Liked by 1 person

  7. […] from here. These posts contain spoilers. PLEASE do not read them if you are not watching concurrently with […]

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  8. […] is not the main focus of this episode, some special mentions: As Servetus already remarked in her review of 2×04, the crew of BS seems to be having some fun with the props and backgrounds in the […]

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  9. I’ll never get what the point was of the extended back story? did they have no other script ideas? Why did she get more backstory in length than all the other characters put together in the entire last season and the present. Nonsensical, pointless and honestly boring rather than sympathy inducing. She’s supposed to be brought in for her professional skills not her sob story. So far neither have impressed, quite the contrary. I’m tired of Frost.
    And yes on the Valery and E story, at least there is palpable chemistry there and a hint of danger, they act it well and the suspicion remains. Well done that. In contrast i perceive zero chemistry between Robert and BB.
    The interesting scenes are with Ganz and Lena and Daniel and Hector but there is not enough of it in the episode. At least it is moderately well written in terms of continuing that story line.

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    • I think the deal is that Kirsch is supposedly attracted to Yates’ “strong woman” qualities and she can tell he’s interested and decides to sleep with him because she’s drunk. I don’t think chemistry really comes into it.

      And yeah — this long backstory is completely inexplicable. I wonder if they had to agree to this in order to get Judd to sign on. But even more, I wonder if these writers ask at all about how women see themselves. I agree that this backstory strongly undercuts any impression that Yates is the trained professional she claims to be.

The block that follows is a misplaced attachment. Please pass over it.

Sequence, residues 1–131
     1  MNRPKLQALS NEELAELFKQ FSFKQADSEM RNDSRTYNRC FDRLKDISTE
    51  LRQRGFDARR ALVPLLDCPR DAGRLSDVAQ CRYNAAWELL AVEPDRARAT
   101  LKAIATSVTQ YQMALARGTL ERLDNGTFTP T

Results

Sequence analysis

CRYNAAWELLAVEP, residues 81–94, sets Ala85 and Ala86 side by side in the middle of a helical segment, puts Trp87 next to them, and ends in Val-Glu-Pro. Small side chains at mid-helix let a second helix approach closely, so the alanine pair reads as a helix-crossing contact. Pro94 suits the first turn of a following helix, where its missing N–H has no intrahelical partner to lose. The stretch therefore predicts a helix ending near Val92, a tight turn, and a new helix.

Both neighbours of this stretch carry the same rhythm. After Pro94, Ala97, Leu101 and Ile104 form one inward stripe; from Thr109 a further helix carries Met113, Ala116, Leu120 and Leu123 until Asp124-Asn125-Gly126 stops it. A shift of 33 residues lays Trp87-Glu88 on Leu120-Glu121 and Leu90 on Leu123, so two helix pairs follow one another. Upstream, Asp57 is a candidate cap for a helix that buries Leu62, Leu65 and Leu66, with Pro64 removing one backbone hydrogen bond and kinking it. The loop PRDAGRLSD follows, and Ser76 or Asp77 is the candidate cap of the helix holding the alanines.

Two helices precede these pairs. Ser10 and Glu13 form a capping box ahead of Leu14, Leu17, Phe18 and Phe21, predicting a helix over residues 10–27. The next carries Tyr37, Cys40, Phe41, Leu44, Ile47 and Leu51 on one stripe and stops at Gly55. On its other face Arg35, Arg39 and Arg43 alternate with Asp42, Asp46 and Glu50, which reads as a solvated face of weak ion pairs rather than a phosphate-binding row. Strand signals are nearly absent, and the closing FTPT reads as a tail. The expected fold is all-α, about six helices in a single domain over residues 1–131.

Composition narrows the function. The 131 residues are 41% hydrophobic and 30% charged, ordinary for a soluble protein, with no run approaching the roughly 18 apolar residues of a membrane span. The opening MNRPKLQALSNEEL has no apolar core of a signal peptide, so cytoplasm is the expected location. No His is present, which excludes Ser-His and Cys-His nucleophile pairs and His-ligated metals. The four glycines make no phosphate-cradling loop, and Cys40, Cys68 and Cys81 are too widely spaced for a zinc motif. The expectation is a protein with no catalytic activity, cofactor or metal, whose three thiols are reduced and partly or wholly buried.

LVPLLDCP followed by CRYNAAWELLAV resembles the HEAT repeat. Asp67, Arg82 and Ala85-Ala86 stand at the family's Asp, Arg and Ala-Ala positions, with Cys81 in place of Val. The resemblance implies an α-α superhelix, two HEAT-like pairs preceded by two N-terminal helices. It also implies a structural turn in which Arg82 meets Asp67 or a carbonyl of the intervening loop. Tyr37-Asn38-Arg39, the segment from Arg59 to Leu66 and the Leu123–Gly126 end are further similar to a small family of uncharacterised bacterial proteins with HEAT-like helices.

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      • too bad an opportunity missed; only Valerie and Esther save their characters somewhat, but it’s slim picking, April also grates on me (and her unpractical nails do too, i’m sorry!)

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        • Interesting — I actually almost put a cap in my last post on how I admired her nails.

          I think if I worked with April she would annoy me, but I think it’s a really effective depiction of a type, and Palmer inhabits it perfectly.

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          • maybe , but they’ve written her convictions in so badly that it made me want to pull my hair out; no way would an eager young agent bent on changing the world for good be ok with political assassination; And while the nails are pretty nobody working on screens constantly and with urgency would wear them 🙂 And USB sticks again.. ffs….
            I have a big issue with the technology talk they gave last season and going off the grid and the un-researched and erroneous tech spiel they are giving this season… one of the many irritations 😉

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        • (although, as you’ll see when you read the 2.7 recap, I have issues with April’s plotline)

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          • i know i’m getting thee, just watched it but want to get to 2.6 so i can vent properly 🙂 At this point i’d be happy if Daniel stumbled in his apartment and hit his head on the corner of the table and went into a coma and got written out or something.

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  10. oh and i thought the van scene was well written and well acted, i did notice he pulled the spring out first time, but still forgot it for a while when he was pushing Lena until he grabbed the gun back from her. He caught me out by his insistence which was rather scary.

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  11. Bug: I saw the taking out of the spring. That is the recoil spring. Problem is, the gun is clocked, the recoil spring is for reloading after first shot.

    The gun was ready to fire the first shot.
    That’s a fuckup by the technical staff.